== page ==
The spring flooding that took place in late April and May across Ontario, Quebec and New Brunswick caused close to $208 million in insured damage, according to Catastrophe Indices and Quantification (CatIQ) Inc. The most common cause of damage was overflowing rivers, which led to road and basement flooding, submerged vehicles and shifted home foundations. Heavy rain also caused roof leaks and sewer backups. Insured damage is estimated at $74 million in Ontario, $127 million in Quebec and $6 million in New Brunswick.
Before the floods, water levels across the affected regions were already high due to the earlier heavy rains and snowmelt. The threat of more heavy rainfall and snowmelt prompted flood warnings and watches across Ontario, Quebec and New Brunswick.
|Type of policy||Insured Damage|
|Home insurance||Nearly $160 million|
|Business insurance||Nearly $40 million|
|Auto insurance||Over $10 million
Calling for a National Flood Action Plan
As the financial cost of a changing climate rises and as Canadians head to a federal election, Insurance Bureau of Canada (IBC) is advocating that all political parties in the upcoming federal election commit to a National Action Plan on Flooding. This Action Plan would prioritize citizen awareness and education on the risk of flooding, relocating and protecting those at the greatest risk of repeated flooding, developing high-risk insurance mechanisms for those residents remaining in high risk areas and denying disaster assistance to new buildings in floodplains.
Crucial to all of this is increased investment from the federal government in mitigating the future impacts of extreme weather and building resilience to its damaging effects.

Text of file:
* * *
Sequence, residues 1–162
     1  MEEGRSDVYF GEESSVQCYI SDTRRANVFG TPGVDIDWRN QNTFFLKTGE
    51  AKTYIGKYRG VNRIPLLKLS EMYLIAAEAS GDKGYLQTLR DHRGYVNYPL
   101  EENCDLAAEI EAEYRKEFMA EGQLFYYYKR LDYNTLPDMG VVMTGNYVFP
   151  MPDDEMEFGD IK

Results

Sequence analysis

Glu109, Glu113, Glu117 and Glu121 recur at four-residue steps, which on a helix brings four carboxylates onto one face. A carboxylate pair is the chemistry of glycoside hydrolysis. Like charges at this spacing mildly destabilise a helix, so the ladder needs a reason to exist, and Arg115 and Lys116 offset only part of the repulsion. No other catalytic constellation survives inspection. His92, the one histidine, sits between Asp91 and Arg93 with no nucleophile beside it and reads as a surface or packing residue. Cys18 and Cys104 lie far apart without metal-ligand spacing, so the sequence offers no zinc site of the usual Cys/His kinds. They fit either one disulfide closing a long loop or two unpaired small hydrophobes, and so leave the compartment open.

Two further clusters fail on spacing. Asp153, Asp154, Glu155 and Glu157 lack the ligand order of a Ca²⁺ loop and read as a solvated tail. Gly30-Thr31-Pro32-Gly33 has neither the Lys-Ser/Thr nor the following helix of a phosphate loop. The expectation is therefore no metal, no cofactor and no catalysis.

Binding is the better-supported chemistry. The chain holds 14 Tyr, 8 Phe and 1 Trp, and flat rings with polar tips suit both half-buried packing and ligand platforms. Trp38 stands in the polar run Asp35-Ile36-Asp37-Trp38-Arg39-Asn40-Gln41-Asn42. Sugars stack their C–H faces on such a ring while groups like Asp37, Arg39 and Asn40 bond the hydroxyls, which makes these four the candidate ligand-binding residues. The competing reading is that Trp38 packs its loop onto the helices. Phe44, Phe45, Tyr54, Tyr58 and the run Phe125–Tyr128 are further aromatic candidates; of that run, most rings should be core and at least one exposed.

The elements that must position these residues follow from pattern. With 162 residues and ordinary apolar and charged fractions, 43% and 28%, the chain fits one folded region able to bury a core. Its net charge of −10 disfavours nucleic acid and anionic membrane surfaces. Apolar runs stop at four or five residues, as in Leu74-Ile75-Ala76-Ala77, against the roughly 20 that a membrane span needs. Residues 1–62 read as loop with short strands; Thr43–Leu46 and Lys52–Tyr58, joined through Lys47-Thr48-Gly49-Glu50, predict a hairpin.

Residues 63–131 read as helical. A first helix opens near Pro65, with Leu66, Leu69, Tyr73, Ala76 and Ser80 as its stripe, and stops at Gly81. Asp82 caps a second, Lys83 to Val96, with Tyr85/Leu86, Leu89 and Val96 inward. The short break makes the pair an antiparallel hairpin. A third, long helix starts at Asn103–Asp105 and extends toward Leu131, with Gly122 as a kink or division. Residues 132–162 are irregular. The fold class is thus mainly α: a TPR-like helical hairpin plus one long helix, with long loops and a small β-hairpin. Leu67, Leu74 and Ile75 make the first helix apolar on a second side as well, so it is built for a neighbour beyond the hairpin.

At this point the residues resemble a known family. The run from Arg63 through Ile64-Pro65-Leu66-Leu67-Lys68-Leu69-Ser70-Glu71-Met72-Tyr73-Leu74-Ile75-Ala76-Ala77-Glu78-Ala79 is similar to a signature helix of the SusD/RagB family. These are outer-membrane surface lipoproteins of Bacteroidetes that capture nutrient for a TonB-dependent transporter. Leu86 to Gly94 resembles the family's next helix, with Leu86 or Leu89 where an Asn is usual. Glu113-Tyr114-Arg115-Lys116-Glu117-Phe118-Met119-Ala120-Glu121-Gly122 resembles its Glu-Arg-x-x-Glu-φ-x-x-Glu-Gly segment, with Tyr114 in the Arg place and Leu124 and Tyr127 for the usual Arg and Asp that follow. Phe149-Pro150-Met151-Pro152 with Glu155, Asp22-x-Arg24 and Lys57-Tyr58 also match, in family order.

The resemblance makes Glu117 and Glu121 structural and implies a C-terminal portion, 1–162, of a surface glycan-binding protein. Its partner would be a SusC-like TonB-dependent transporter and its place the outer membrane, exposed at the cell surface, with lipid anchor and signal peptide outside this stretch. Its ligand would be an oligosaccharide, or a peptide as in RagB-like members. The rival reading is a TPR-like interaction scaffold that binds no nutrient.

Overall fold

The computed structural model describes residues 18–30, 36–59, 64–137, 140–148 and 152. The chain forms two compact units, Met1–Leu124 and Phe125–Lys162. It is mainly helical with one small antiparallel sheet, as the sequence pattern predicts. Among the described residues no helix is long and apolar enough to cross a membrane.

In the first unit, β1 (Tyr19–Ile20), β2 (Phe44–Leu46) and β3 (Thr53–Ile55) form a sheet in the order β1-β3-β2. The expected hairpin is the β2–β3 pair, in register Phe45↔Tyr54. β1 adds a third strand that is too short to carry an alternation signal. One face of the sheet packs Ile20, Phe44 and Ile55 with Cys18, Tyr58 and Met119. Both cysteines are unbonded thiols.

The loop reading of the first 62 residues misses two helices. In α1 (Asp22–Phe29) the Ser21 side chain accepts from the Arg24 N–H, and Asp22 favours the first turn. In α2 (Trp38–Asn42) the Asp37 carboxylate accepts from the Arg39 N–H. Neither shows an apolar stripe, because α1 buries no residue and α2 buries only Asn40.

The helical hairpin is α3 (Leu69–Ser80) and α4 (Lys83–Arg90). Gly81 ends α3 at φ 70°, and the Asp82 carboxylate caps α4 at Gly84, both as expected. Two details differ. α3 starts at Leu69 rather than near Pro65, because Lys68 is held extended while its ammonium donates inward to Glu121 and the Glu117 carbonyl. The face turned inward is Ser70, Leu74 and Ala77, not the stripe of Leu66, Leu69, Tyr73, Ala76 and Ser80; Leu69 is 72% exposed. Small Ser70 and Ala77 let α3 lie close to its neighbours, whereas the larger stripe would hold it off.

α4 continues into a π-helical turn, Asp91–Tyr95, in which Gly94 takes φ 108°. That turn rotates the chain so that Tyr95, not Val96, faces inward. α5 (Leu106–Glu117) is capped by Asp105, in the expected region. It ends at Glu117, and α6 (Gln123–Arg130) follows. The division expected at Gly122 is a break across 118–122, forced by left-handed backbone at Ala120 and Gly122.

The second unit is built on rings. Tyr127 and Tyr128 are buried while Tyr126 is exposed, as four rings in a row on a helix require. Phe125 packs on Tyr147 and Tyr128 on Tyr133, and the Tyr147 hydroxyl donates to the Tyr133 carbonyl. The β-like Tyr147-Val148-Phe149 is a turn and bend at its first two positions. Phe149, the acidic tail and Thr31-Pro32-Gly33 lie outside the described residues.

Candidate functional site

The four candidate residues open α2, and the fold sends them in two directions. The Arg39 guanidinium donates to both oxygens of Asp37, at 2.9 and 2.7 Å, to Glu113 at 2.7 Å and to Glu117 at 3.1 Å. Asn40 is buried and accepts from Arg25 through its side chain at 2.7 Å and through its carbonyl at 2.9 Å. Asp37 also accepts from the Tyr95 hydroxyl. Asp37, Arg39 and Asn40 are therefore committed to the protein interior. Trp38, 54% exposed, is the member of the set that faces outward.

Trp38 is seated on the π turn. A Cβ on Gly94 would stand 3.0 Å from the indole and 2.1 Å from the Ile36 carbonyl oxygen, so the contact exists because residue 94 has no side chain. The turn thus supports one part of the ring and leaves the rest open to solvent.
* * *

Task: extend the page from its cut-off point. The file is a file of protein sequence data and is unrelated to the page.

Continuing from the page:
IBC reminds Canadians that it is not only insurers who foot the bill for severe weather damage. For every dollar paid out in insurance claims for homes and businesses, Canadian governments and their taxpayers pay out much more to recover public infrastructure damaged by severe weather.
Spring Flooding In Review
The first round of rain in southern and north-central Ontario fell late on April 17. The rain spread eastward through the night, reaching Quebec and New Brunswick the next day. On April 18, another round of rain moved through southern and north-central Ontario and southern Quebec, intensifying in New Brunswick and lasting until the morning of April 20. Reported rainfall amounts ranged from 35 mm to 60 mm. Strong wind gusts also occurred on April 18 in southern Quebec, with speeds ranging from 90 km/h to 100 km/h. Rain was followed on April 18 to 20 by daily high temperatures in Quebec City that melted 20 cm of the snowpack. The snowpack in north-central Ontario was reduced to trace amounts by April 20. From Ontario to New Brunswick, warm temperatures and light rain persisted until April 24.
On the evening of April 30, a warm front brought more rain to southern Ontario. The rain continued to spread north and east through the morning of May 1. The rain had ended in Ontario by that evening, and in Quebec and New Brunswick early on May 2. After a generally dry period from May 3 to 8, rain began in central Ontario on May 9 and spread into eastern Ontario and southern Quebec by late morning.
These various conditions have resulted in a significant number of flooded homes. As a result, many residents had to be evacuated for a period of time:
* initial estimates
The amount of insured damage is an estimate provided by CatIQ Inc. (www.catiq.com) under licence to IBC.
Craig Stewart, Vice President, Federal Affairs said: “The widespread flooding this spring affected thousands of Canadians in eastern Canada. Whether it be from floods, wildfires or windstorms, the financial risk of climate change is escalating. Any political party that aims to lead Canada into the next decade should lay out explicit measures to protect Canadians from these current threats. Any climate plan without adaptation is only half a plan.”